Are Believers Prophets, Priests, And Kings And In What Ways?

31. Why is He called Christ, that is Anointed?

Because He is ordained of God the Father and anointed with the Holy Spirit to be our chief Prophet and Teacher, who has fully revealed to us the secret counsel and will of God concerning our redemption; and our only High Priest, who by the one sacrifice of His body, has redeemed us, and ever lives to make intercession for us with the Father; and our eternal King, who governs us by His Word and Spirit and defends and preserves us in the redemption obtained for us.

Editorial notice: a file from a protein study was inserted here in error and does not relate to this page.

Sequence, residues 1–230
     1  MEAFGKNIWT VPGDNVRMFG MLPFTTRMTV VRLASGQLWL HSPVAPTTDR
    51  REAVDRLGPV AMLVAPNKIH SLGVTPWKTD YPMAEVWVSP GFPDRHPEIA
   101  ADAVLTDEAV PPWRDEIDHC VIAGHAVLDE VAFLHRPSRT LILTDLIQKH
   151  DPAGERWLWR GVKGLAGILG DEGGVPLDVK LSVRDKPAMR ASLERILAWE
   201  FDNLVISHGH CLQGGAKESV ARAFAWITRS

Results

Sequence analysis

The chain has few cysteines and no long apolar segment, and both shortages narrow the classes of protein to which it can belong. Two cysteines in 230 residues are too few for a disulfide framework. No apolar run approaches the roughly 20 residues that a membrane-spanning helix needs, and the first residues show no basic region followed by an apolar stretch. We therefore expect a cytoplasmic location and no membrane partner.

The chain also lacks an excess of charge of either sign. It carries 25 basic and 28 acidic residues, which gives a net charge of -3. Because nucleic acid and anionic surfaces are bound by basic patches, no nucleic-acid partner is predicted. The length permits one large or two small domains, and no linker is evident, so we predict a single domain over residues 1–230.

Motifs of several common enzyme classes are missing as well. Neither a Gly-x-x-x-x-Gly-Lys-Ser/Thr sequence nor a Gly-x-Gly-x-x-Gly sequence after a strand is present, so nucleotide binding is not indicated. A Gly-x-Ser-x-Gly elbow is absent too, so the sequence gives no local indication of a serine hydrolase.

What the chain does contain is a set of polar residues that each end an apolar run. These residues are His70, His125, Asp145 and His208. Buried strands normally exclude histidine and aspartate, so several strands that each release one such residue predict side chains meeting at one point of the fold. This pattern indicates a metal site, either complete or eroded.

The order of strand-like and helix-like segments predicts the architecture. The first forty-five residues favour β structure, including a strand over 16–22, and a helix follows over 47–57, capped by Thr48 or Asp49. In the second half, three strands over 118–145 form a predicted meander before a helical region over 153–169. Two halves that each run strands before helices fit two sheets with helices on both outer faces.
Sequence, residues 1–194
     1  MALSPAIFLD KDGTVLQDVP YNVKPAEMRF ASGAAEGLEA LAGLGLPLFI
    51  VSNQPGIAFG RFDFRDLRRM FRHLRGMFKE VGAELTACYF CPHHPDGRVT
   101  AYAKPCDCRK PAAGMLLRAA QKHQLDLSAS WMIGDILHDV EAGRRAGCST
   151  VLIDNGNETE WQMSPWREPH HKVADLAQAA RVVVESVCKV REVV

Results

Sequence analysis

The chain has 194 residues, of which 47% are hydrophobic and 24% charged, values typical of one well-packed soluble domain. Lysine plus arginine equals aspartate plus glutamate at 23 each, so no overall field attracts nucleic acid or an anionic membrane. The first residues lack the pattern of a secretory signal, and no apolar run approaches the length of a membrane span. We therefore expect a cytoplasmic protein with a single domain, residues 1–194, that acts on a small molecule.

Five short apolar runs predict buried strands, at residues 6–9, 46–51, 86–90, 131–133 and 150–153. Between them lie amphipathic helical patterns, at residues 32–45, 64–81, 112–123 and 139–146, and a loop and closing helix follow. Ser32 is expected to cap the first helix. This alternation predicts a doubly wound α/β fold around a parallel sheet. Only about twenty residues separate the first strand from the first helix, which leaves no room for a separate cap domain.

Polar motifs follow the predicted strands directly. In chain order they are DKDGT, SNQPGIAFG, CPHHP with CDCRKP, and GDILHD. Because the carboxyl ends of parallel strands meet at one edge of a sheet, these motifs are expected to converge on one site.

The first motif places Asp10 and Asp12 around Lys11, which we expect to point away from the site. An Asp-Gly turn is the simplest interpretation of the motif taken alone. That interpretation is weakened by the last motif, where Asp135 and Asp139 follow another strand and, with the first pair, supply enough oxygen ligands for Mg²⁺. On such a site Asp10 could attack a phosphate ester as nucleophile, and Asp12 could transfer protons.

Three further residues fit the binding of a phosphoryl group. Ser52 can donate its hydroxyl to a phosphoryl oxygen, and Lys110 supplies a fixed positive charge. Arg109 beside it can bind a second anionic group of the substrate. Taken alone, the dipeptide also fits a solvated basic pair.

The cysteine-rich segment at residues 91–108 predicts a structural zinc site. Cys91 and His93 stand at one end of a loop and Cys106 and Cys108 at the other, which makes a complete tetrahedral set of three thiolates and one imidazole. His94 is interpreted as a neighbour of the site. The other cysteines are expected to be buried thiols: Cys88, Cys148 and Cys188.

32. But why are you called a Christian?

Because by faith I am a member of Christ and thus a partaker of His anointing, in order that I also may confess His Name, may present myself a living sacrifice of thankfulness to Him, and that with a free conscience I may fight against sin and the devil in this life, and hereafter in eternity reign with Him over all creatures (Heidelberg Catechism [1563]).

The folks at Desiring God have triggered much Sturm und Drang, on Twitter, this morning over an article calling men to be prophets, priests, and kings in their homes. The article lacks some important qualifications and, thus, some In reaction, some are denying that Christians are prophets, priests, and kings. Let us start over and see if we cannot get this right.

Prophet, Priest, and King in Scripture